Even if we logically know Facebook isn't an accurate depiction of people's lives, well, confronting your seeming inadequacy 24/7 against an unachievable false reality can hammer your already vulnerable self-esteem. You just can't compete with their highly-edited topiary of lifestyle awesomeness -- especially when you're feeling a little down or anxious to begin with.

So what's the most common response? To post something. As if to say: Look at me! I'm cool, too!

But this only strengthens the cycle. As internet maven and co-founder of Flickr, Caterina Fake, once said:
Social software is both the creator and the cure of FOMO. It’s cyclical.

And the research agrees. People with FOMO have ambivalent feelings toward Facebook. It brings them up and slams them back down:
To evaluate our prediction that FoMO would be associated with high levels of ambivalent emotions when using Facebook use we regressed positive affect, b=.31, p<.001, and negative affect, b = .40, p < .001, on FoMO scores. This pattern of relations indicated those high in FoMO were more likely to experienced mixed feelings when using social media.

A roller coaster of emotion. Just like the highs and lows of addiction, eh?

But posting to alleviate your discomfort also has an important secondary effect: by presenting your carefully edited version of life awesomeness, you just made anyone who sees it feel worse. You're spreading the virus.

Good for Facebook. Good for Haagen Dazs sales. Bad for happiness.

(To learn what Harvard research says will make you happier and more successful, click here.)

So this is how FOMO comes about and why it's so awful. But how do we break the cycle?

The Problem Is Attention

Looking at social media for happiness is a bad idea. You won't find it out there. Sounds cliche, but the research says you need to look inside:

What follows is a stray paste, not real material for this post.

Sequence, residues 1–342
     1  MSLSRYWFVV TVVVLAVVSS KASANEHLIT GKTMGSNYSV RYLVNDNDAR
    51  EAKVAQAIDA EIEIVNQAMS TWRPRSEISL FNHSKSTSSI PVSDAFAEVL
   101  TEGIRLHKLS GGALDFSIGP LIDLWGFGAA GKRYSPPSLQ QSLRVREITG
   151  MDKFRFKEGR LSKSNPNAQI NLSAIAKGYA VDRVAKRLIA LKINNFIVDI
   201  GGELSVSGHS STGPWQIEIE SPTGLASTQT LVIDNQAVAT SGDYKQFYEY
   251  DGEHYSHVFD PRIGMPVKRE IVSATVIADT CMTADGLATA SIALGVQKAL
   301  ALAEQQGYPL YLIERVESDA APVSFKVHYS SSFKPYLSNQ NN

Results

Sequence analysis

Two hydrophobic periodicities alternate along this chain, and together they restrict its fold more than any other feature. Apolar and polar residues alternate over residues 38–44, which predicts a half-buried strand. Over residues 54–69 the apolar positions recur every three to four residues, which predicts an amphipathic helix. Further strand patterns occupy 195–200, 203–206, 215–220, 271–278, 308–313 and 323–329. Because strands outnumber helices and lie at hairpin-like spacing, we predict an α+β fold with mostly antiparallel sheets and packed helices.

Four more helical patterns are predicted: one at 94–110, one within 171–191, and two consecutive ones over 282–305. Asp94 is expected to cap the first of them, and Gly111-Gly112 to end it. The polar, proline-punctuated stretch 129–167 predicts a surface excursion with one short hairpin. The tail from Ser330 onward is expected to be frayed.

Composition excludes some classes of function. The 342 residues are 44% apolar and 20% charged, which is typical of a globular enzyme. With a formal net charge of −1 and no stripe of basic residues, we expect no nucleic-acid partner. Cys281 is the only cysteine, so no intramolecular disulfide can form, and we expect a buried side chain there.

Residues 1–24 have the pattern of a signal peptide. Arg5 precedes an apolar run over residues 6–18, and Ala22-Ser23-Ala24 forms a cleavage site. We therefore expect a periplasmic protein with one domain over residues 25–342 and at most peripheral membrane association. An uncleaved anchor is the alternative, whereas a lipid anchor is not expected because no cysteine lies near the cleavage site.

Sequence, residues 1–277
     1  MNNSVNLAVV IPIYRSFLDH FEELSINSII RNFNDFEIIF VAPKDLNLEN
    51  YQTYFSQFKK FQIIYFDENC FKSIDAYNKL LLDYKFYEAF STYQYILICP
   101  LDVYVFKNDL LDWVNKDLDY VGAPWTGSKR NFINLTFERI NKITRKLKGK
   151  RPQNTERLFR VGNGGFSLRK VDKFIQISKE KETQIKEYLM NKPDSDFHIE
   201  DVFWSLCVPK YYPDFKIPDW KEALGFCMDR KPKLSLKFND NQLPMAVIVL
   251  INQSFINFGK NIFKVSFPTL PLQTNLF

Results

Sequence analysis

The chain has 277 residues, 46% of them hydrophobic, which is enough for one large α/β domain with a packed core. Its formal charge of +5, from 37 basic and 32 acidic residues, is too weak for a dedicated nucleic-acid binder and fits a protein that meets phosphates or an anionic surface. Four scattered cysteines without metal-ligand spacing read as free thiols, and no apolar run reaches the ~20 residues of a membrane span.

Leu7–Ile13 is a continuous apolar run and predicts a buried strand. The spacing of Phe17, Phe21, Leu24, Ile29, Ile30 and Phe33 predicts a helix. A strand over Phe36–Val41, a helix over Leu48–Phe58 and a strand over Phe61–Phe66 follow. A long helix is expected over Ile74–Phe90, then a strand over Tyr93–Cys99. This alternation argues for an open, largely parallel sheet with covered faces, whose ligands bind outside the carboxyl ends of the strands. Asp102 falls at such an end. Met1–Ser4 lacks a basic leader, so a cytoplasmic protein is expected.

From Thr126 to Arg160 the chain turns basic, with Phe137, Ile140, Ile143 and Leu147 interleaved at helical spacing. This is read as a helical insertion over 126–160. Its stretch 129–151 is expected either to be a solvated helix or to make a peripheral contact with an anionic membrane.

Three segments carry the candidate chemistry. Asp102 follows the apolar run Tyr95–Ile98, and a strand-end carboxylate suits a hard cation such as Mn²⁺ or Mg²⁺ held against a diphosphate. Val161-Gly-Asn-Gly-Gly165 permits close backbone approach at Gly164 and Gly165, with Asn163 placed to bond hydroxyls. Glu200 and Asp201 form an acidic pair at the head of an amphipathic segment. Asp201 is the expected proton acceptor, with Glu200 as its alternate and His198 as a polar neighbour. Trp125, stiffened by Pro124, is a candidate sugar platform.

"The problem with FOMO is the individuals it impacts are looking outward instead of inward," McLaughlin said. "When you're so tuned in to the 'other,' or the 'better' (in your mind), you lose your authentic sense of self. This constant fear of missing out means you are not participating as a real person in your own world."

Facebook isn't real life. It's obviously not life. And it's certainly not real. Only real life is real life. But you're comparing yourself to fake life. (Someone cue the music from "The Matrix", please.)

And the key to happiness really comes down to one word:


We all have bad things we could think about. But they don’t bother us when we pay them no mind. “Look on the bright side” is a cliche, but it’s also scientifically valid.

Paul Dolan teaches at the London School of Economics and was a visiting scholar at Princeton where he worked with Nobel-Prize winner Daniel Kahneman.

He explains the importance of attention in his book, Happiness by Design: Change What You Do, Not How You Think:
Your happiness is determined by how you allocate your attention. What you attend to drives your behavior and it determines your happiness. Attention is the glue that holds your life together… The scarcity of attentional resources means that you must consider how you can make and facilitate better decisions about what to pay attention to and in what ways. If you are not as happy as you could be, then you must be misallocating your attention… So changing behavior and enhancing happiness is as much about withdrawing attention from the negative as it is about attending to the positive.

But when you're caught in the loop of FOMO you tune out the real world and tune in to the fake one -- Facebook.

And that’s what the research shows: people with FOMO stop paying attention to life and turn to social media for their happiness cure.

Students with FOMO pay less attention in school and are even more likely to check their phone when they're driving:
This analysis showed that students high in FoMO were more liable to use Facebook during university lectures... Young adults who were high in fear of missing out paid greater attention to emails, text messages, and their mobile phones when driving compared to those lower on FoMO.